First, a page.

Dana Rubin – Founder Speaking While Female

For this edition of FinanciElle “$tatements”, I had the opportunity to Interview Dana Rubin, Founder and CEO of Speaking While Female, Founder and Curator of The Speaking While Female Speech Bank.

Dana is an advocate for women’s speech and voice.

Through Speaking While Female she helps companies develop their female talent to be recognized experts, brand ambassadors and rainmakers; because, companies with visible and influential women at all levels are rewarded with diversity of ideas, a robust talent pipeline, powerful role models and strong reputational capital.

Her programs give women the mindset and skill-set to be known as authorities in their field.

The Speaking While Female Speech Bank, celebrates public speeches by women from across time and around the world. The site is the resource to find speeches given by women on any topic.

Speaking of speeches, I recommend watching Dana’s TedX Talk, Unlocking the Secret History of Women’s Speech, and while your at it read The Mouthy Woman’s Manifesto.

Paolina: As an advocate for Women’s speech and voice, what barriers do you think women have faced/are facing – both systemic and based on their own relationship with using their voices based on narratives learned through lived experience? What do we all as a society and individuals have to Unlearn and how can we start doing that?

Dana:

Women have faced opposition to using their voices in public since ancient times. That much we know. Women weren’t allowed to be speakers in the Roman Forum, where all the great leaders and legislators gathered and displayed their oratory. Men and women had very defined roles. Men had their sphere, which was public and commercial. Women had theirs, which was domestic and private.

I was just reading about the most famous female orator for women’s rights and abolition in the US, in the years before and during the Civil War. Here’s what one critic said about the great Anna Dickinson: “If she has the lofty aims which we like to think are hers, she will give over trying to be smart at the cost of being womanly.”

So, we’ve had high barriers to overcome for centuries. You could call it systemic; or, you could also just call it plain prejudice against women’s public voices.

As women we internalize these messages. We hold back from using our voices because we know it’s not widely acceptable, and that it’s all to easy to cross the line and get labeled “aggressive,” or “dis-likeable.” The line of acceptability right now is very narrow, we need to widen it so that more women feel comfortable sharing their knowledge and expertise in public.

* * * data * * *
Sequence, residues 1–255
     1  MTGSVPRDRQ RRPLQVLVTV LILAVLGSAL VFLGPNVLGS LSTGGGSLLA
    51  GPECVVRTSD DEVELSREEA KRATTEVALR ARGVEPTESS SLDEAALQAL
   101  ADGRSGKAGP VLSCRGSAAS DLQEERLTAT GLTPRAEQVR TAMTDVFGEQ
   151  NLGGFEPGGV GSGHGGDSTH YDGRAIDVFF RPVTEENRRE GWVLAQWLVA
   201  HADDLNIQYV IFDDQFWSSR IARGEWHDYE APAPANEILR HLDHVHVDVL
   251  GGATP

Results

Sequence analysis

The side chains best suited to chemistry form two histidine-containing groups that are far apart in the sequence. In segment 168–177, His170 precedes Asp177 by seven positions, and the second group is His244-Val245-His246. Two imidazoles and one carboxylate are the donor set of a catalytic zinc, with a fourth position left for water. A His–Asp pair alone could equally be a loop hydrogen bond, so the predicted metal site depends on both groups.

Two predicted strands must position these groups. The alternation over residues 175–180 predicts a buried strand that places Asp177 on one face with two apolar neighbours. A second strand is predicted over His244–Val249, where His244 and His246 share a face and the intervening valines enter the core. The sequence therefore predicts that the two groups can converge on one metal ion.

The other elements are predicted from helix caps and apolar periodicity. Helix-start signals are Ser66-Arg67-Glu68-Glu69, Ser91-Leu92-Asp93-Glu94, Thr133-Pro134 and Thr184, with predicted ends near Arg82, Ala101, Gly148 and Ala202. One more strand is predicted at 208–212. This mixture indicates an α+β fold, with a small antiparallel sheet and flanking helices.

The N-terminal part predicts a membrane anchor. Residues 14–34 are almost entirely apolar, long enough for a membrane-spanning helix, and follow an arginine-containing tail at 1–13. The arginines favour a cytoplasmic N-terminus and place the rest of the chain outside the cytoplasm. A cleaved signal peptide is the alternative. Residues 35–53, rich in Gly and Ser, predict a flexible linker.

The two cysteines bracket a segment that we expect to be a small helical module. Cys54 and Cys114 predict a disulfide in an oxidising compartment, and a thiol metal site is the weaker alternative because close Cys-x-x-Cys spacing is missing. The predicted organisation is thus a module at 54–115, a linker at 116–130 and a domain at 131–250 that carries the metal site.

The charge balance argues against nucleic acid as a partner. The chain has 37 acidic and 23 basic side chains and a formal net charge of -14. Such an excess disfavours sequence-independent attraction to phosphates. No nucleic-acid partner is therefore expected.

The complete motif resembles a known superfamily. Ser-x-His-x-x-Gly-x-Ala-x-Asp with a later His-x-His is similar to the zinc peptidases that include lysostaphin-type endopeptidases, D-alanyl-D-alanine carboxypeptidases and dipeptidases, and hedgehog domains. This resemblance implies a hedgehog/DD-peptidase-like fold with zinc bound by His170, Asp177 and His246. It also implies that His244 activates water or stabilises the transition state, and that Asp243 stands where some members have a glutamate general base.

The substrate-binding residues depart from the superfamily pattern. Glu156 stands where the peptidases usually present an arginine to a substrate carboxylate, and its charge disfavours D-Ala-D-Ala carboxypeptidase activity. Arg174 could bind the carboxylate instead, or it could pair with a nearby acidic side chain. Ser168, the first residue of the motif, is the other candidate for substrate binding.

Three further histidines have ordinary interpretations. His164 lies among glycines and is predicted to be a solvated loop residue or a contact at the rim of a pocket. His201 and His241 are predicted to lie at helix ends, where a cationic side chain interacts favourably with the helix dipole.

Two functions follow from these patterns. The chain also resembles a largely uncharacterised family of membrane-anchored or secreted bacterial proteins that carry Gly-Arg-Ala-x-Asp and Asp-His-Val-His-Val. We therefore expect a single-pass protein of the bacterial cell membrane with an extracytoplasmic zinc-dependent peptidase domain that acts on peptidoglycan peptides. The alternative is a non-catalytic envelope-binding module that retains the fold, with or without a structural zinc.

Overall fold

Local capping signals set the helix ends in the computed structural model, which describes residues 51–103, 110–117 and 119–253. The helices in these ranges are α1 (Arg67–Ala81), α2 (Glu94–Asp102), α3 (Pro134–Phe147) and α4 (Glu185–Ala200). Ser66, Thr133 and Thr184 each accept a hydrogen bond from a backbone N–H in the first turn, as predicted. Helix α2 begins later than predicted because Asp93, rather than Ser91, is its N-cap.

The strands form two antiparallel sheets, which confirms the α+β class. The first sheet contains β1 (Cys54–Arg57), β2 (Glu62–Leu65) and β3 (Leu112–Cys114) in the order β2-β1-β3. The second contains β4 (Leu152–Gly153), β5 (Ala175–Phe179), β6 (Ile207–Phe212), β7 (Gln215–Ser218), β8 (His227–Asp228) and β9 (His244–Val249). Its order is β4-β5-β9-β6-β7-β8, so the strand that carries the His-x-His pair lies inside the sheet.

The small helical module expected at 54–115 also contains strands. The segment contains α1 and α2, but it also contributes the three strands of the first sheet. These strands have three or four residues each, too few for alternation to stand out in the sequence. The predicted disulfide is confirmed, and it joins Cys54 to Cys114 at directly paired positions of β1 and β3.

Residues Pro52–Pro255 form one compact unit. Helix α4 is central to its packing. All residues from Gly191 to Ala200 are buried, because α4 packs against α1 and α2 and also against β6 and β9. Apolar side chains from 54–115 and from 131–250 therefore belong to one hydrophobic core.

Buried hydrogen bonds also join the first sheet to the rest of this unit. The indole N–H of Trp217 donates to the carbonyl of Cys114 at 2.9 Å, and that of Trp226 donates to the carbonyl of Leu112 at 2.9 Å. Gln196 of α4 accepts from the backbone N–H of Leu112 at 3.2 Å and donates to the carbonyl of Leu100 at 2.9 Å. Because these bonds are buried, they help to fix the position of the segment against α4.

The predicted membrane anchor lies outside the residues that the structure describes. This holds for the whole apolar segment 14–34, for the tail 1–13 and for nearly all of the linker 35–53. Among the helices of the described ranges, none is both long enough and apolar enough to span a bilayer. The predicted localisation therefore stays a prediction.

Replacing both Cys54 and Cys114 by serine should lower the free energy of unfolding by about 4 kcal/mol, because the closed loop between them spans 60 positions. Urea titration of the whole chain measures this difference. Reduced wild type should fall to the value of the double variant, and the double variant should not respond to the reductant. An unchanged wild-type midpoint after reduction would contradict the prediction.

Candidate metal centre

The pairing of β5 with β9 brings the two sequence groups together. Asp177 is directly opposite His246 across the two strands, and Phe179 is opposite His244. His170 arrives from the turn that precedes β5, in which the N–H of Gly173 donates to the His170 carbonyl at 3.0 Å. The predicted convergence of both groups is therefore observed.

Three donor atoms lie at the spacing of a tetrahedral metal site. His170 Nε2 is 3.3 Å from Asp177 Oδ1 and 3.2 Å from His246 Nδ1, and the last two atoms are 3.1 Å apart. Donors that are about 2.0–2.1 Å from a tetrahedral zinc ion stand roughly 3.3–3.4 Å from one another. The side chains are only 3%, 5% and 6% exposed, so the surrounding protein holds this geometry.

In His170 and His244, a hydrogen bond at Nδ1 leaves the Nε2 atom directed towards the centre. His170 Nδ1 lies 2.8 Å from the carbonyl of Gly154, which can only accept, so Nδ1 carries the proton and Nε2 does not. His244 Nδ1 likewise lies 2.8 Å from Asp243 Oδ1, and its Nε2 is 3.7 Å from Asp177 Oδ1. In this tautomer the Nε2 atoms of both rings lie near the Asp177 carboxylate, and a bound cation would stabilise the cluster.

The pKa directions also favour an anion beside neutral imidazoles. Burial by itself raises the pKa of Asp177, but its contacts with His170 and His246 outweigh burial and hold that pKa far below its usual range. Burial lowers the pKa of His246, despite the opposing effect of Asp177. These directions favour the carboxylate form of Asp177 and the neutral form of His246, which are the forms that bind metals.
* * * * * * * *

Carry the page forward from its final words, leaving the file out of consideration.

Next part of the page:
Paolina: One of the workshops you give is on Self-Advocacy, what advice can you give to women about self-advocacy when it comes to money  – Negotiation – salary & rates (if you’re a freelancer or self-employed) contracts with customers, vendors…?

Dana:

My key point about self advocacy is not specific to money — it applies to every kind of opportunity and experience. I advise women to “ROUND UP.” Whatever your skill-set level, whatever your knowledge level, don’t shortchange or undermine yourself, assume you’ll excel and step up to new opportunities. Apply for that tough job or assignment, even though you only have five of the six requirements. Ask for more money, even if you’re not sure you’ll get it. Ask to be the lead person on that deal, even if you’ve never held that role before.

Why? Because men are doing all these things! Men are not holding back in the workplace. Advancing and advocating for themselves comes more easily to them; and, that’s who we’re competing with. If we hold ourselves back, we’re putting ourselves at a disadvantage.

Paolina: What’s been the biggest challenge you’ve faced with money in building your business and what did you learn from it?

Dana:

Creating a basic budget with pricing for my products and revenue targets based on my business expenses. It seems like a basic step, but it wasn’t easy for me to do this. I finally hired someone to help me out — only a few years later than I should! That should have been among my first steps.

Paolina: Of the speeches currently available in the Speaking While Female Speech Bank, which are your favourite about?

Business & Economics

Carla Harris, “Take the Lead” — For inspiration, charisma, force of personality, and all-round terrific speaking ability, no one does it better than Carla Harris. She’s made a career on Wall Street for three decades plus, and is still going strong. In fact I recommend all of her talks; there are quite a few on YouTube. She is extraordinary.

Jobs & Labour

Crystal Eastman, “Now We Can Begin” — She delivered this speech in the immediate aftermath of the ratification of the 19th Amendment, so Eastman is laying out an agenda for what women should aim for next. Not only was she a feminist and a suffragist, but she was also a socialist — so this speech has socialist overtones. But she’s talking here about tangible economic, workplace and labor reforms that are necessary for women to succeed. It’s instructive to look back and see that the issues she’s talking about are just as relevant today as they were a century ago, in 1920.

Clara Lemlich, the labor organizer, in her fiery 1912  “Senators, We are Here to Stay” speech at a rally at Cooper Union in Manhattan, calls out the hypocrisy of US Senators opposed to woman’s suffrage who say they just want to protect women, but haven’t passed laws that actually protect women workers. Women need the vote, Lemlich says, “to make better laws under which we are to live.”

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